Trump 2021 Budget Would Downshift on Spending

By at 13 February, 2020, 12:28 pm

by Raymond J. Keating-

One of the policy negatives working against economic growth that few have been talking about of late is federal government spending. Specifically, federal outlays jumped substantially higher in fiscal year 2019, which ended at the close of September, and are projected to make another big jump during the current 2020 budget year.

Specifically, outlays increased by a dramatic 8.3 percent in FY2019. That was the biggest jump since the Great Recession years of bailouts and failed stimulus spending.

For FY2020, the growth in outlays are still expected to rapidly increase by 7.7 percent.

Data Source: Office of Management and Budget, Budget of the U.S. Government

Indeed, it’s worth noting that since the December 2017 tax relief package was passed, federal revenues increased slightly in FY2018, and then accelerated in 2019 and are expected to show solid growth in 2020 as well.

Therefore, these revenue and outlay realities make clear that massive federal budget deficits of $984.2 billion in 2019 and an expected $1.08 trillion in 2020 are overwhelmingly attributed to big spending increases.

For good measure, it needs to be recognized that increased government spending does not serve as any kind of economic stimulus. Instead, more government spending means increased resources being siphoned away from productive private sector undertakings – whether via taxes, borrowing or both – and channeled into politically-driven ventures, where incentives for waste dominate.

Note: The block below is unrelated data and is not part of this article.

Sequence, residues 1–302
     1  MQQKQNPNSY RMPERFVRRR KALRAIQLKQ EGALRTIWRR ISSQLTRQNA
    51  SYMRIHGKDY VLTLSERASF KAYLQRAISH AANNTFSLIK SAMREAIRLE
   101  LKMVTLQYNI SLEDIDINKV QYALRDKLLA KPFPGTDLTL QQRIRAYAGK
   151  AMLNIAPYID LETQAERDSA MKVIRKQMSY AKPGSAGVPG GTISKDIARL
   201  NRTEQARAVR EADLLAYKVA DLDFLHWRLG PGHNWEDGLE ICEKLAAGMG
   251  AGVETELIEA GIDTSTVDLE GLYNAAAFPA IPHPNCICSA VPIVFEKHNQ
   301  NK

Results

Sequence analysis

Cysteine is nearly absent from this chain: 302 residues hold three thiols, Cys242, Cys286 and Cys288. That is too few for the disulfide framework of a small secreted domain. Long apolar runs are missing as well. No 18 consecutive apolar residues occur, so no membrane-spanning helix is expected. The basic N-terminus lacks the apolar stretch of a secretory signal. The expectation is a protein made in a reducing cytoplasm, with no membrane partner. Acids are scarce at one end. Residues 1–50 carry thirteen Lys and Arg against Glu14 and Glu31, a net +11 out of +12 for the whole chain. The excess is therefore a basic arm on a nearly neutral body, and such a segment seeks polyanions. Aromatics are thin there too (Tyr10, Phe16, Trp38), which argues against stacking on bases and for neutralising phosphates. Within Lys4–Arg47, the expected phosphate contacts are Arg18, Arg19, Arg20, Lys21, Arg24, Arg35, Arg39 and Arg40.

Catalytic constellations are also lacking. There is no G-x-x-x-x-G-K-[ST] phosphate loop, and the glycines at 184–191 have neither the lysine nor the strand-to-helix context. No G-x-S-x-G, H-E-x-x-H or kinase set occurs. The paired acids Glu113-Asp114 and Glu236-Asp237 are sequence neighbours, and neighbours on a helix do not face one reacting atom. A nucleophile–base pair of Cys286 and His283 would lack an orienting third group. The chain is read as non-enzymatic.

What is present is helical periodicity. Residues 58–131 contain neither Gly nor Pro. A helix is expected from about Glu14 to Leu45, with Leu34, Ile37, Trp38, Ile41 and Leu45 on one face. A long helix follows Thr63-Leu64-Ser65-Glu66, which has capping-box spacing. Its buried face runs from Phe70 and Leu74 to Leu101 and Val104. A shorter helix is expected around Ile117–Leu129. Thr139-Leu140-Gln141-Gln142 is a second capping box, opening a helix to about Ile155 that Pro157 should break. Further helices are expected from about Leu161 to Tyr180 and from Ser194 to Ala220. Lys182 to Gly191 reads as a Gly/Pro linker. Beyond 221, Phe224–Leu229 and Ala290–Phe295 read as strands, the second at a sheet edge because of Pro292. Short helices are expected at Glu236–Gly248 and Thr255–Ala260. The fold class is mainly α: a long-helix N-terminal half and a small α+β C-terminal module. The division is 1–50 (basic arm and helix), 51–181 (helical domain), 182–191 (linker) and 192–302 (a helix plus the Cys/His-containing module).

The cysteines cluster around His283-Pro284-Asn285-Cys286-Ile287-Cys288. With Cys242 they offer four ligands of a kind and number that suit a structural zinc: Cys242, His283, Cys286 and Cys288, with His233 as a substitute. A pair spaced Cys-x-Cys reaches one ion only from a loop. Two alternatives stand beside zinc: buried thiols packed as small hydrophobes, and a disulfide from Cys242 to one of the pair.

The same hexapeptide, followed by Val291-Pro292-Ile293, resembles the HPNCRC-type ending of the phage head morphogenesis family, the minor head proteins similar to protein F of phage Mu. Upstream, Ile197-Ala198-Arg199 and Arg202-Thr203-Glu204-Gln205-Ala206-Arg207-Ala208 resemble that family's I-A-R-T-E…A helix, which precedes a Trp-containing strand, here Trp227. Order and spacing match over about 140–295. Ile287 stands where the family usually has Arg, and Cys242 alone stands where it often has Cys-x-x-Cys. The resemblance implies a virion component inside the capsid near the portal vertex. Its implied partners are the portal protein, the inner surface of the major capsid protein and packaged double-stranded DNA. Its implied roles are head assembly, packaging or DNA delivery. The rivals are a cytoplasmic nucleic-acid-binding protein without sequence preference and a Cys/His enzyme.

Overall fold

So, to improve economic growth, the U.S. needs to rein in the growth of government spending. The proposed 2021 budget from the Trump administration released on February 10 would shift course from the last two big-spending budget years by calling for growth in federal outlays to slow dramatically, increasing by only 0.8 percent. After factoring in inflation, that would amount to a real reduction in outlays.

If passed, this would be a start at reining in the federal spending problems of 2019 and 2020. But more obviously would be needed.

Unfortunately, even one year of spending restraint seems to be too much for various free-spending Members of Congress. The budget battle has been engaged, and let’s hope fiscal responsibility wins out over wild-eyed spending … for a change.

Raymond J. Keating is chief economist for the Small Business & Entrepreneurship Council.

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